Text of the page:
Catching cancer with AI

Quincy Gu, in tan blazer, stand in front of a nondescript building.

With summer nearly here, the work of Quincy Gu, a bioinformatics and computational biology PhD candidate at the U of M Rochester, takes on particular significance. 

Too much sun exposure can cause melanoma, the deadliest skin cancer. To diagnose it, pathologists examine microscope slides of biopsied skin lesions.

But pathologists can make mistakes, especially with early-stage melanoma.

To reduce the chance of errors, Gu used machine learning to build a technology—an AI "model"—that can examine an image of a microscope slide and rate each pixel as “normal” or “melanoma.” A pathologist can then give any “melanoma-rated” areas special attention before making a diagnosis.

“For every single pixel of a melanoma patient’s whole slide image, our AI model has an 89 percent chance of successfully identifying it as a melanoma or non-melanoma pixel,” says Gu, who did all his work at the Mayo Clinic, using Mayo data. 

The accuracy of Gu’s AI model compares favorably with the track record of pathologists. Gu cites a study in which slides of various stages of melanoma and benign skin lesions had been examined by two pathologists. In the case of the earliest stage of melanoma, the pathologists’ diagnoses agreed an average of 91.1 percent of the time.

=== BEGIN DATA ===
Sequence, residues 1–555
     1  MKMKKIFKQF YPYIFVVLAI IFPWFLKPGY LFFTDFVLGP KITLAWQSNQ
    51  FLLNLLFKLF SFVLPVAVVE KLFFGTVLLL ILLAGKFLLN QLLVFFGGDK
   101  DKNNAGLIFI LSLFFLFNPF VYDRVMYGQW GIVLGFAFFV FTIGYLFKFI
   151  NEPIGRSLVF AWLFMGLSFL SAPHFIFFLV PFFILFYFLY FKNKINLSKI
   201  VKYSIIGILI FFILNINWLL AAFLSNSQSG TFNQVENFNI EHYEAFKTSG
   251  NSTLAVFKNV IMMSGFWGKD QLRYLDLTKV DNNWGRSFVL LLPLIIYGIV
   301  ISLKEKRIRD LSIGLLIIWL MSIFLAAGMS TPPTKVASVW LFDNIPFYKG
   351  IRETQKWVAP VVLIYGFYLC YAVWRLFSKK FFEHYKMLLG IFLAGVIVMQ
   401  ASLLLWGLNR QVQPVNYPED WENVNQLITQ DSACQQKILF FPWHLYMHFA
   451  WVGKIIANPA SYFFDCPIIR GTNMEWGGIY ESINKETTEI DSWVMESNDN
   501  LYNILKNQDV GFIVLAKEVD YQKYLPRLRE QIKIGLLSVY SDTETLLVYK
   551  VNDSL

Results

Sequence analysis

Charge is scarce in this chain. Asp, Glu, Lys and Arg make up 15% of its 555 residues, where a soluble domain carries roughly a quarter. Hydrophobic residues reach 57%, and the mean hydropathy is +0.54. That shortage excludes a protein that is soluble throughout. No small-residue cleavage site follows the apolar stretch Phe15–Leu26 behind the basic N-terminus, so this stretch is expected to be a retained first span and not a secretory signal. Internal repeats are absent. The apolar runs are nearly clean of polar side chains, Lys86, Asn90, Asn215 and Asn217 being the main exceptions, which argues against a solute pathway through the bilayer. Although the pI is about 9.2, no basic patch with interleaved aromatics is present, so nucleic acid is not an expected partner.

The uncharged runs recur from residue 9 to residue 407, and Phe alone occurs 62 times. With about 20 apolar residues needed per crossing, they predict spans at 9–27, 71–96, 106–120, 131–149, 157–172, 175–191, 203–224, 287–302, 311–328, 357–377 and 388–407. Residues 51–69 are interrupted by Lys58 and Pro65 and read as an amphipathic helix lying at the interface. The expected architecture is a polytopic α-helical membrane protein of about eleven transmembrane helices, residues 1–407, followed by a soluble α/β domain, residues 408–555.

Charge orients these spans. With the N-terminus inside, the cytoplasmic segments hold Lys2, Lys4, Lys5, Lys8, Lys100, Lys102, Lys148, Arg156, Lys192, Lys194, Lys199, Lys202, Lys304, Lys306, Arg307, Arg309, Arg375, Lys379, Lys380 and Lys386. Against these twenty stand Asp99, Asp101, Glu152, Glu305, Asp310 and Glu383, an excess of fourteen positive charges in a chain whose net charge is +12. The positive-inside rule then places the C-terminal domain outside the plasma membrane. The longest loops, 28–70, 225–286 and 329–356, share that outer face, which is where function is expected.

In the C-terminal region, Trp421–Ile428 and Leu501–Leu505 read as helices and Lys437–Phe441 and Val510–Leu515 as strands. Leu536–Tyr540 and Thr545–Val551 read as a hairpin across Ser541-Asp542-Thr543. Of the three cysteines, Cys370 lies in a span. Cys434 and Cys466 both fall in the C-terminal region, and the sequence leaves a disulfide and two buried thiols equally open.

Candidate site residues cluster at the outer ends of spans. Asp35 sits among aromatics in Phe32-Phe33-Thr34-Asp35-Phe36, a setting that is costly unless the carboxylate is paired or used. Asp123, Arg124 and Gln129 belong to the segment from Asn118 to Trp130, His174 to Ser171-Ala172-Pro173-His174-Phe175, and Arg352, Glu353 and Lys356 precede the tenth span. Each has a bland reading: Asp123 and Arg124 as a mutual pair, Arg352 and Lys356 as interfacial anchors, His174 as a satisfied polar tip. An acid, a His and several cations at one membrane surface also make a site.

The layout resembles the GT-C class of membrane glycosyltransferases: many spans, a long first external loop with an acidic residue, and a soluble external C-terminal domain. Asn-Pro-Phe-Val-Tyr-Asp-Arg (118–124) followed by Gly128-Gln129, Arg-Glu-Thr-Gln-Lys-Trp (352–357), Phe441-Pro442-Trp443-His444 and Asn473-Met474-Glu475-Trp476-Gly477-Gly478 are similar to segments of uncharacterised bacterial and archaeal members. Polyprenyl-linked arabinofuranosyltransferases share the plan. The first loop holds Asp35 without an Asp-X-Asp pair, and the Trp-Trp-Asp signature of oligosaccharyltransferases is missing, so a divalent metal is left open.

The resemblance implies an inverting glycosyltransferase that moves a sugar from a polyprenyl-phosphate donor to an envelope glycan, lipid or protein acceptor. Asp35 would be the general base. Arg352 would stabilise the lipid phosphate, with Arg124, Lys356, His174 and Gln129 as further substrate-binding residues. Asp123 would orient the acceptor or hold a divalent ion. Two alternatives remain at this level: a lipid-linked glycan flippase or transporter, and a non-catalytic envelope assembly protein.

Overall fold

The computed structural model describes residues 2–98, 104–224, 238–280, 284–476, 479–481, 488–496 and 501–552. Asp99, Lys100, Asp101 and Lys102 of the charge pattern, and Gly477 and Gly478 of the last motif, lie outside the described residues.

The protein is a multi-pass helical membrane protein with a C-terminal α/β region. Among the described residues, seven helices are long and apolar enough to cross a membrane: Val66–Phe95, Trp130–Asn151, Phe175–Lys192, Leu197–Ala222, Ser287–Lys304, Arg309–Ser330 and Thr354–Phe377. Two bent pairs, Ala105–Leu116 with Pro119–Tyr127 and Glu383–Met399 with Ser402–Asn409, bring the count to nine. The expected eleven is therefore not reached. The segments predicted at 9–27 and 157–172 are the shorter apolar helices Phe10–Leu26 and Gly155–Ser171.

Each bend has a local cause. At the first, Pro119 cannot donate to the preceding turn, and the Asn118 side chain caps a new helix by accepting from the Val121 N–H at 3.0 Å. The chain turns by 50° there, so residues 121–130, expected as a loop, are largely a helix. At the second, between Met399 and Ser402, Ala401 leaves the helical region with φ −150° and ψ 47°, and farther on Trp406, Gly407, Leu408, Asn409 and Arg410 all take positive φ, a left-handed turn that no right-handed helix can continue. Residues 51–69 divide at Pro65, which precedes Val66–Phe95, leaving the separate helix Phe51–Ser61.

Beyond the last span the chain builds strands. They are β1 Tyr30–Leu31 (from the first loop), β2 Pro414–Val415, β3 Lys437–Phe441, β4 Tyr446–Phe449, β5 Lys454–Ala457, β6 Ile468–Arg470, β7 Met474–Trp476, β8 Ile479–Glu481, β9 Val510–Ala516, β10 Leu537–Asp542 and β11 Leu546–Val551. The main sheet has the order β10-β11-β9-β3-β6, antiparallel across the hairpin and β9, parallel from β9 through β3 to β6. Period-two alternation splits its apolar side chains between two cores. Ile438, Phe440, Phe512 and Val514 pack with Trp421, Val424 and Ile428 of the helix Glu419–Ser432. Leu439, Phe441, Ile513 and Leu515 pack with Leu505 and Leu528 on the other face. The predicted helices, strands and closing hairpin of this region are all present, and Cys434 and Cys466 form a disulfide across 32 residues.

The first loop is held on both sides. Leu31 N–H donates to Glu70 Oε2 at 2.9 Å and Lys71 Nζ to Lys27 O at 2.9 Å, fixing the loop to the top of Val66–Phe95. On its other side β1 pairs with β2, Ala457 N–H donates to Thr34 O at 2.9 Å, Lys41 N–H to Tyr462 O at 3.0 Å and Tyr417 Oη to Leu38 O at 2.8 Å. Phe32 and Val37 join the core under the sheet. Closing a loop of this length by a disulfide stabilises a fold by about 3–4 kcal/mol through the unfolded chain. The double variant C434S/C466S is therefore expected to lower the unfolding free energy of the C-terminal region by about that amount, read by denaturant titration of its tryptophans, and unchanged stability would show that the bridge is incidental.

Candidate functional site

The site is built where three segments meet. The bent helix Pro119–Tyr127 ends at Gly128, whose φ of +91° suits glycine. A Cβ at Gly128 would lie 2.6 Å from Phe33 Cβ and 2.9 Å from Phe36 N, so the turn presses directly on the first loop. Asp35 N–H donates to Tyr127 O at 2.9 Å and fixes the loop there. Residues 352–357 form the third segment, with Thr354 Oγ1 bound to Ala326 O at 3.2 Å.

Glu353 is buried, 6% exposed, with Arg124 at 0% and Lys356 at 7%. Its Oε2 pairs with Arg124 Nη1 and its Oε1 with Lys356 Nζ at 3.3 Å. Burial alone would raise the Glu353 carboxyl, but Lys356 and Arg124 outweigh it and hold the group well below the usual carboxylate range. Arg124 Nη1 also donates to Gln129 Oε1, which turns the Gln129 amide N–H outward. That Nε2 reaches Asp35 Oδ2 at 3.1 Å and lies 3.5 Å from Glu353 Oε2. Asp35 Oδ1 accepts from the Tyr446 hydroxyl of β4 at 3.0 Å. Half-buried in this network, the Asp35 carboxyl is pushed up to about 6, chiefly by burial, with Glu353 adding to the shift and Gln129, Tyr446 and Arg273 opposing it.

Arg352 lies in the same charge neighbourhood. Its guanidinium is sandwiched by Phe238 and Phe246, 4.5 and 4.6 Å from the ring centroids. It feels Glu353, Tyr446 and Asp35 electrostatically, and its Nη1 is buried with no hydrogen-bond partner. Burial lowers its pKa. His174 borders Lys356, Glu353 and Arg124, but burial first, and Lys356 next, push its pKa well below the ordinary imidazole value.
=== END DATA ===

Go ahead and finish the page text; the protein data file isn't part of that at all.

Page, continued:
If that pattern holds, it means that in almost nine percent of early melanoma cases, a pathologist would miss something that another pathologist would not. Moreover, another study reports that 25-26 percent of the time, pairs of pathologists disagreed as to whether a lesion was malignant melanoma or an often dark-colored benign lesion known as a nevis.

But if pathologists could examine slides after Gu’s AI model had evaluated them, they could start by checking any areas the model identified as melanoma. If they agreed with its assessment, they could make a diagnosis earlier, using the extra time to more closely scrutinize the relatively few slides where the model may have missed a cancer.

Gu has also trained his AI model to detect colorectal cancer, which it has done with an average of 90 percent accuracy. 

Caring for other students

Besides his research, Gu organized a student-led biomedical research conference for undergraduate, graduate and medical students, plus some high school students. It runs May 6-7, 2023, at the Mayo Clinic.

“The goal is to make them understand you and feel interest in your research and make them think about, ‘Maybe I want to be a scientist,’” Gu explains.

International students interested in research should reach out to faculty, he adds.

“Speak up for yourself and show your abilities,” Gu says. “There are always faculty willing to take students, even at the very beginning of their training.”

He also advises students to think beyond the stereotype of what a Ph.D. is: “Getting a Ph.D. doesn’t always mean you have to be a professor. You can do whatever you want.”

And he practices what he preaches. Gu joins Roche this summer as an imaging scientist.

“I prefer to see my scientific research turn into a real product that can be used clinically to fit the needs of patients,” he says.

Read the original story on the International Student and Scholar Services site.